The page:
As the offensive line, receivers and running backs got set this spring, the quarterback walks toward the line. He doesn't always stop in shotgun. 

In some cases, Quinton Maxwell walked up to the line of scrimmage and got under center to start the play. 

This spring, Ohio has added back the under center part of its playbook. The Bobcats have ran exclusively out of the pistol since the 2010 bowl game loss to Troy, but now, the under center look of the offense is back.

“In the offseason we studied the film, there’s a lot of teams that do it, that do both," offensive coordinator Tim Albin said. "There’s some advantages to being under center, especially with the running game, so we’re trying to get some reps at it and see what it looks like in the spring."

The pistol will still be utilized, probably more so than the under center look. And there won't be much variation. The pistol is a variation of the shotgun offense where the running back lines up behind the quarterback instead of on either side. Ohio runs a three-wideout set, and that hasn't changed. 

Often the flanker, or tight end, lines up on the line or just behind the tackle in the Bobcats' pistol set. Now when the team goes under center, the tight end/fullback will line up in a traditional fullback set in an offset-I Formation.

“I’ve been looking at it for a while," coach Frank Solich said. "I decided this spring to make sure we got snaps under center and devise an offense that will fit that, not every play can carry over. We have enough of an offense that can carry over that will be beneficial for us.”

Albin said the offense will try to keep the same balanced play-calling the team has used in previous years even when under center. Ohio ran the ball 53.36 percent of the time last year.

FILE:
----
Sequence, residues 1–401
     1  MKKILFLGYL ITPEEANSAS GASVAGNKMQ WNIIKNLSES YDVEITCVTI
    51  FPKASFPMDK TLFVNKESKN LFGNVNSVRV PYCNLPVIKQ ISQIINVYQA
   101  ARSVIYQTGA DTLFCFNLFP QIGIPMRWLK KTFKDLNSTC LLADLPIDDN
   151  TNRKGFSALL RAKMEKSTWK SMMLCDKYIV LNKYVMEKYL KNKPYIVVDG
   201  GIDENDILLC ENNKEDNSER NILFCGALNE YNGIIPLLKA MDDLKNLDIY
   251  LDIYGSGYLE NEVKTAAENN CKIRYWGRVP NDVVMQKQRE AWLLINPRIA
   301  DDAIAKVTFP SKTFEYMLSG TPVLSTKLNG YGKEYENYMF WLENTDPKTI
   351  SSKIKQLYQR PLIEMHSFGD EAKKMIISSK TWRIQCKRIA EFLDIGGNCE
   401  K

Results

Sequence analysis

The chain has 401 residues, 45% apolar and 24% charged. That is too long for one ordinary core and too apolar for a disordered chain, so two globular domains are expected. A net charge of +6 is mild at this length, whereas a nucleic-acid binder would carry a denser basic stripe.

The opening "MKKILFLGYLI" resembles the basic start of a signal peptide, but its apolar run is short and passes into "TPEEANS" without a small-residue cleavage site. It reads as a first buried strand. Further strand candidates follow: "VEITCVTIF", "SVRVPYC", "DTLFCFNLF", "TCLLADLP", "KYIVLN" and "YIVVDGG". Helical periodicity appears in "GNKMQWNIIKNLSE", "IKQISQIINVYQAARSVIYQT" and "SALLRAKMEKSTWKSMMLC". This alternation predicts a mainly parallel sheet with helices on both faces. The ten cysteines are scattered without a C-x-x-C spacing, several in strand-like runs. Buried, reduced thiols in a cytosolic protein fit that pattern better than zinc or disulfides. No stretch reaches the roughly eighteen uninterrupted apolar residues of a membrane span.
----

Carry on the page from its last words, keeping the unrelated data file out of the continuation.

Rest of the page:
"I think the pistol, we’re a shotgun team and we’re doing what we do," he said. "But the running game always comes first. Everything goes through the running game, everything is much easier when the run game is working. If the running game is going, play-calls are a lot easier."

The new formation should give the Bobcats an added dimension on offense with its running game, as Albin hopes. A.J. Ouellette is returning from injury, and the stable of backs that includes Dorian Brown and Maleek Irons are back too.  

In essence, it's small now, but has the potential to be a huge change to an offense that struggled to put up points last year. The Bobcats put up 25.5 points per game, 79th in the country, last season. 

"One of the pluses is that we give great play action off of it, one thing that I think is that we’ve got big backs, big, strong, physical backs that are fast," Maxwell said. "If we’re under center and we get them running seven or eight yards downhill, they get the ball running full speed, I’ll take my chances with that, with our backs.”

It can't be expected that Ohio's offense will run exclusively, or even mostly, out of the new formation. But the new wrinkle should help the run game, as well as the passing attack with play action. 

The change isn't a seismic one, but it gives the Bobcats a new look, one that they haven't had in years. Maybe that's what the offense needs.

“Last time I went under center for anything was sophomore year of high school," center Jake Pruehs said. "So at least I had some kind of prior knowledge to it. I kind of like it, it gives us a different look for the defense, I don’t mind it. Sometimes it’s a little different, but that’s just the growing pains of it.”


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